Based on Joshua 5:9-12, 2Corinthians 5:16-21, Luke 15:11-32
If you pay attention at all to the news cycle and popular culture over the last few years, you will have seen and heard about people being “woke”. Now, this is not just an instance of the popular use of poor grammar (which it is by the way); it is a term used to denote that someone has become aware of something that they had been sleeping through. It is a term that has been around since the late 1930’s, but which gained traction starting in the 1960’s to denote people who were becoming aware of and advocating against, the many social injustices in America. Currently, it is being employed, most often in a negative way, to disparage social media posts, news articles or interviews from people on one side of an issue from those on another side – especially issues of race or gender identity. In general, however, we as followers of the Christ must honestly admit that living woke is something that Jesus (and really the whole of the Bible) is calling us to do.
You may be sitting there in your pew half-awake wondering, “Pastor Dan, how often does the Bible tell us to stay awake and pay attention to what God is doing?” I’m very glad that you roused yourself to ask me that question. To get an estimate, I employed an online Bible concordance – a reference that catalogues how many times different words are used in the Bible (I know, pretty wonky, right?). Turns out that there are at least 89 references about being awake across the Bible…89! That makes it one of the most repeated words in the Bible (behind love and repent). There are also a few oblique references to our need to be awake and alert, like our Gospel reading for today from Luke.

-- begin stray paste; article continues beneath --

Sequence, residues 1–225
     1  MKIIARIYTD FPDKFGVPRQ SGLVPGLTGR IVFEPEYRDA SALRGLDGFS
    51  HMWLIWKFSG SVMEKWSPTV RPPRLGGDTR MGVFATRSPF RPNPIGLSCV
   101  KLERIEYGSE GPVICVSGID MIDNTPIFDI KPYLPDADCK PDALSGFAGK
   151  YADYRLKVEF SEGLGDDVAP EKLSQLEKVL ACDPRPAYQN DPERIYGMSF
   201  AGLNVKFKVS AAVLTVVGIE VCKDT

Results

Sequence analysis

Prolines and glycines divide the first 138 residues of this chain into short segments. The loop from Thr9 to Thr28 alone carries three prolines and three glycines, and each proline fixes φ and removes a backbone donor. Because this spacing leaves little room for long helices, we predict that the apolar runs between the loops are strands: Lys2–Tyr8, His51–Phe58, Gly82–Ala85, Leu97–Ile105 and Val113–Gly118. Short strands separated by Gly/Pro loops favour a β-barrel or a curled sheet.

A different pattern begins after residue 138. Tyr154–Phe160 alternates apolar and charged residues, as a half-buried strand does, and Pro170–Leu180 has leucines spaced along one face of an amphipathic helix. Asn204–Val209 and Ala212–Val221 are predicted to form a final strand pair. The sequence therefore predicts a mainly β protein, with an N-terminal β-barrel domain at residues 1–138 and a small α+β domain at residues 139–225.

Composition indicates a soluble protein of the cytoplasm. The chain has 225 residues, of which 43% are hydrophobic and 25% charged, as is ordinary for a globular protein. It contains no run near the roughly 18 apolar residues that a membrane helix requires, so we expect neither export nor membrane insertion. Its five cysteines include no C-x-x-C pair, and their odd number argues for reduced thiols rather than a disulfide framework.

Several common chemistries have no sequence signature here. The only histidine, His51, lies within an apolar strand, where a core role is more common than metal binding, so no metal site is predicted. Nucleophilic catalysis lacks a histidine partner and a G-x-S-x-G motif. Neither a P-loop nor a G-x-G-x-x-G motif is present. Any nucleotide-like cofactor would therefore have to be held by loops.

Our scriptures are leading us to some revelations of God and the way that the people of God need to live awake to be an active part of what God is doing. The Israelites awake to find that their long journey in the wilderness is over. The Apostle Paul teaches that those who are in Christ are part of a new creation. He tells them to see how it is that everything is different. Finally, Jesus tells the Pharisees and scribes some parables about how to awaken to how God is present and active in the world. Before we go farther, let us go to God now in prayer asking for God’s help to live lives that are woke…
The Israelites have made it across the Jordan River with God’s help (God dried it up so they could cross). This has brought them to the vicinity of the city of Jericho. In response to reaching the Promised Land, all males are circumcised and then all the people celebrate their first Passover. Their long journey with God in the wilderness has ended, Moses and all of the older generation who left Egypt are now dead. The people awaken to the new possibilities of settling down and living every day in a land flowing with milk and honey that God has given to them.
The Apostle Paul in the second letter to the believers in Corinth is teaching about living by faith. In our reading today, he is teaching specifically about living in a ministry of reconciliation in Christ with God. He is possibly responding to a letter he received that called into question some things he said in his previous letter(s) that the believers did not understand. He tries again to help them understand that they have to awaken to the fact that if they are in Christ, and believe that Christ died for them, then they have all died too! That is why Paul can write, “…From now on, therefore, we regard no one from a human point of view…everything old has passed away, see, everything has become new!…” They need to live woke to a new reality that they are in a new creation and should therefore live with the love of Christ leading them on.